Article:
It also can give you more flexibility in positioning your scope with regards to eye relief. Eye relief is the distance between your eye and the ocular lens. That’s the rear lens of your scope and a larger exit pupil diameter can allow you to move your scope around a little more..
So remember the simple rule. Larger exit pupil is good in the evening, but no use during daytime shooting.
How is the Exit Pupil Calculated?
You can find out the size of the exit pupil on your scope based on the magnification and diameter of the objective lens of the scope. It is calculated as the diameter of the objective lens divided by the magnification power.
For example, suppose that your scope’s objective lens diameter is 42 mm and it goes up to a magnification of 8x. The scope’s reading would be given as, 8×42 – What do the numbers on a riflescope mean? – Understanding scope numbers.
The size of the exit pupil would be calculated as 42 ÷ 8 = 5.3. This means the exit pupil at maximum magnification on this scope would be 5.3mm in diameter.
A scope with a higher magnification will give a smaller exit pupil. Suppose that your rifle scope can go up to a magnification of 10x and has an objective lens diameter of 42 mm. The exit pupil would be calculated as 42 ÷ 10 = 4.2. So the diameter of our exit pupil, in this case, is 4.2mm. This makes the scope better for daytime shooting, but it may not be ideal for shooting in lower light conditions when the eye pupil is growing larger.
Now suppose that you get a scope with a bigger sized objective lens. Suppose that the objective diameter of your lens is 56 mm. At 8x magnification you will get 56 ÷ 8 = 7, giving you an exit pupil of 7mm which is excellent for shooting even at night. Even if it had a higher magnification of 10x, your exit pupil would be 56 ÷ 10 = 5.6, which isn’t bad.
As you can see, the exit pupil diameter depends on the objective diameter and the current zoom setting. A variable scope will therefore have a variable exit pupil size that will change when you change the magnification.
Does the Exit Pupil Impact Light Transmission?
The size of the exit pupil impacts the amount of light that transmits through the scope. A bigger exit pupil means that a wider disc of light is passing through the scope which can make images clearer during low light conditions.
One important consideration here is the brightness of the image. A 56mm lens that is zoomed out for 8x magnification would provide the same level of brightness as a 42mm lens zoomed out to a 6x magnification.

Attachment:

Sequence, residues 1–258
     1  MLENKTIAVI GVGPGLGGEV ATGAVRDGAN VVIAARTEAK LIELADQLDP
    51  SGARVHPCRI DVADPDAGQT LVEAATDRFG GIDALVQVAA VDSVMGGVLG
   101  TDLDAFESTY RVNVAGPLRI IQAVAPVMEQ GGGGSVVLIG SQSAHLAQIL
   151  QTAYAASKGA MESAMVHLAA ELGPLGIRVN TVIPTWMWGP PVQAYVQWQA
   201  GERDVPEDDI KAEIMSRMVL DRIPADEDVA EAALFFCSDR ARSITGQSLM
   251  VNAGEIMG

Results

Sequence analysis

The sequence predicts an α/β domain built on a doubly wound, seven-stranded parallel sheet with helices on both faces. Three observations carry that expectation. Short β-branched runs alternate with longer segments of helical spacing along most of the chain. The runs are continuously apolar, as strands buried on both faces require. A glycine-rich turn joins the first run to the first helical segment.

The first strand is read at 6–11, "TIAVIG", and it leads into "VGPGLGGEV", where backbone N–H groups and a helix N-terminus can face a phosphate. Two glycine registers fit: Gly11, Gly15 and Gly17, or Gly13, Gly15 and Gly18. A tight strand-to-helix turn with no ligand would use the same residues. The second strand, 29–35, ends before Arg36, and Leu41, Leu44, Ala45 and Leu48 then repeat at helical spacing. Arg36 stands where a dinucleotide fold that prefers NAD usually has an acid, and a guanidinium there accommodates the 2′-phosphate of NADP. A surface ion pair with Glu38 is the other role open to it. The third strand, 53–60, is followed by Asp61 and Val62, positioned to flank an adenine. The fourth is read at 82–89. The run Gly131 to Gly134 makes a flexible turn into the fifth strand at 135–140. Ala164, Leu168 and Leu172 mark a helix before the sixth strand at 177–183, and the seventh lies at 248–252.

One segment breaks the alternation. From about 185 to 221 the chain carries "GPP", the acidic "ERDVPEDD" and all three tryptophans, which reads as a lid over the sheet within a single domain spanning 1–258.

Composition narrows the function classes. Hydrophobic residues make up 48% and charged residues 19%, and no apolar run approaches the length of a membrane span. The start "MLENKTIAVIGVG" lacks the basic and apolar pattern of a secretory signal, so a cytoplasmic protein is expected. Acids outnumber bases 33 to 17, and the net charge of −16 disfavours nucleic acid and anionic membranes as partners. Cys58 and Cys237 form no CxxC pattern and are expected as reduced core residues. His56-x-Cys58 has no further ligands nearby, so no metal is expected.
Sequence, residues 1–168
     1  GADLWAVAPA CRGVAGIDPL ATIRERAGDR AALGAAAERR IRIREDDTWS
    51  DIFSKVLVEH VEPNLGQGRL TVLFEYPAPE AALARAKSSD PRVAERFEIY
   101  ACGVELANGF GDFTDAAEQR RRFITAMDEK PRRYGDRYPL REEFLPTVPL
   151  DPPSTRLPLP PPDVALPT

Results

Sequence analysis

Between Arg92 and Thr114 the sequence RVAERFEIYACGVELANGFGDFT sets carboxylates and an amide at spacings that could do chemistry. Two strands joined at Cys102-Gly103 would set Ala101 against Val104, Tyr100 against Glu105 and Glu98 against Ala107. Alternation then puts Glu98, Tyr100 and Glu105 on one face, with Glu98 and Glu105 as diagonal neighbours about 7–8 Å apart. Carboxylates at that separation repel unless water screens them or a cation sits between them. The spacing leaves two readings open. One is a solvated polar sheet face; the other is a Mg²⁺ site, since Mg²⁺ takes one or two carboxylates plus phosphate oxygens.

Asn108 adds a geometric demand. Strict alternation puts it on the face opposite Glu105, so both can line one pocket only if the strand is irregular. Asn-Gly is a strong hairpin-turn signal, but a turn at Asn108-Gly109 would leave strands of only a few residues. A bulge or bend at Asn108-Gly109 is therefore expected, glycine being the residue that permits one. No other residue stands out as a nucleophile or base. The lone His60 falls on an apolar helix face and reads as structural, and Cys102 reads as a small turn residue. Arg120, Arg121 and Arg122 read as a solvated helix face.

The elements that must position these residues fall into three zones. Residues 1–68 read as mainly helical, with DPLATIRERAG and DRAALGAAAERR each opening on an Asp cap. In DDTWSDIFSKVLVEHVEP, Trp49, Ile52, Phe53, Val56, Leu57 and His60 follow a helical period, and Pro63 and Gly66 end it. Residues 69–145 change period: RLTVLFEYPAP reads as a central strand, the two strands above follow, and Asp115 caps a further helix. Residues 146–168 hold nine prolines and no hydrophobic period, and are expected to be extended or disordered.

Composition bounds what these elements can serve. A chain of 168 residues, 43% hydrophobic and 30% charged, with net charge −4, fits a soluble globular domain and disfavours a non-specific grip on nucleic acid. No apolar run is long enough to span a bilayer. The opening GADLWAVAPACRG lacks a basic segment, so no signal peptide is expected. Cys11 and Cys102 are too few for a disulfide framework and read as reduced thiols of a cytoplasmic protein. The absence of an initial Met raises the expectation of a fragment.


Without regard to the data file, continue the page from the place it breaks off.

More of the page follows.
However, just because more light is passing through the scope does not mean that you will see all of it. As discussed previously, if your pupils are dilated, you will be able to see more of the image. If they shrink because you are standing in a bright area, you won’t see all the light that transmits through the scope’s exit pupil.
Remember the normal aperture of the human eye pupil can go from 2 mm to 9 mm based on the lighting condition.
How Does The Exit Pupil Impact Your Shooting?
An exit pupil that is smaller than the pupil diameter of your eyes will allow you to shoot with ease during the day but negatively affect your shooting at night. An exit pupil that is bigger than the eye pupil diameter of the human eye will lose some of the imagery around the edges.
In ideal circumstances, the diameter of your scope’s exit pupil should precisely match the size of the pupil diameter of your own eye. When this happens, it allows the highest degree of brightness and the biggest size of the target image to pass to your eyes.
Or, to put it in another way, when these two diameters differ, the light transmission ability of the lens is reduced. This makes it more difficult to identify details of the target and has a negative impact on your shooting skills.
Knowing the best magnification settings and lens sizes for all your scopes will always give you the best advantage in shooting. In the end, choosing the correct size of the objective lens comes down to your eyesight and hunting style.
If your eyesight is poor and you choose to hunt in low light conditions, a larger objective lens can make up for the difference and help compensate for the shortcomings. If you generally hunt during bright conditions, have fairly good eyesight or need good cheek and weld positioning before your shoot, a larger objective lens might hinder your shooting performance.
Do you have more questions or something to add? Please leave a comment below.